How Does the Crown Prove Criminal Harassment Beyond a Reasonable Doubt?

For the Crown to secure a conviction for criminal harassment they must prove beyond a reasonable doubt that a complainant, as a result of a prohibited act or prohibited conduct, was being harassed. Repeatedly attempts at communication or repetition of threatening conduct can amount to harassment. But also a single act can amount to harassment.

  • When & where the harassment took place
  • The the accused engaged conduct outlined in s.264(2)
  • The complainant was harassed by the conduct
  • The accused knew the complainant was harassed, or was reckless or willfully blind as to the complainant being harassed
  • The conduct caused fear
  • The complainants fear was reasonable in the circumstances

The Crown will also need to prove the victim had a reasonable fear for their safety and the accused knew that, or was reckless as to whether, the conduct was harassing.

Defences – How to Defend Criminal Harassment Charges

Depending on the circumstance surrounding the criminal harassment charges there can be several real viable defences. Most often defences focus on attacking the circumstances that support the elements of the offence. Some defences to a criminal harassment charges include:

  • Demonstrating that the alleged act was not harassment
  • There was no intention to commit the act of harassment
  • That the complainant’s fear was not reasonable in the circumstances
  • There were Charter Rights issues surround the accused’s arrest
  • Proving that the victim had motive to fabricate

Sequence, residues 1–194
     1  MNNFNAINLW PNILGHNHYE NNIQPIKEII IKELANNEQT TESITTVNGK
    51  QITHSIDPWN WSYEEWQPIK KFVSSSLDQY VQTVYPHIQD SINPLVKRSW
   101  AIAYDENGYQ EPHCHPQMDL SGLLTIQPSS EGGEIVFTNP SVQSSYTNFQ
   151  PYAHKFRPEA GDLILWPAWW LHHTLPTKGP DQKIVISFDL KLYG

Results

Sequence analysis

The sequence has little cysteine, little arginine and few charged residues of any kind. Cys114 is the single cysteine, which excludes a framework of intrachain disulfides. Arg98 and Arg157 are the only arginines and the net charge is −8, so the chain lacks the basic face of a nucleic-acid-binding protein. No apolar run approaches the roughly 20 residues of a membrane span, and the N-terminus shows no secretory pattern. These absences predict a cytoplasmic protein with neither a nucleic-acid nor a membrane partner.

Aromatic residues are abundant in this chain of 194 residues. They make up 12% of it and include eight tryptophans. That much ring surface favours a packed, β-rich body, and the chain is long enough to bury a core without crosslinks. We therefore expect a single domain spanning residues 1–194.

Punishment – Sentencing for Criminal Harassment

Sentencing for criminal harassment in Canada, much like most criminal offences, can be a complex process, with many sentencing considerations. There are no mandatory minimum sentences for criminal harassment, therefore the punishment for this crime after conviction can range from an absolute discharge, suspended sentence, a fine or up to a maximum of 10 years if the Crown proceeds by indictment.

Needless to say, how a Crown chooses to proceed, either by summary conviction or by indictment, will impact the severity of the final punishment. A judge’s final sentence will be a weighing of the sentencing principles as outlined in the criminal code, the seriousness of the allegations, the impact on the accused person and the aggravating and mitigating sentencing factors that are present.

As mentioned if the Crown elects to proceed by indictment the maximum sentence can be up to 10 years imprisonment. If the Crown elects summary conviction the sentence could be up to 2 years less a day in jail and a $5000 fine.

The consequences of being found guilty and convicted of a criminal harassment can be serious and long lasting. While jail and a criminal record is real possibility in some cases, the impacts on travel and employment could last for many years. There will also likely be mandatory weapon prohibition orders and orders to have DNA stored on the Canadian DNA data bank.

Toronto Criminal Lawyer for Criminal Harassment Charges

If you have been charged with criminal harassment you need a criminal lawyer that understands the law surrounding stalking. William Jaksa has been practicing criminal defence law for over 15 years and understands that all clients matter and all charges matter.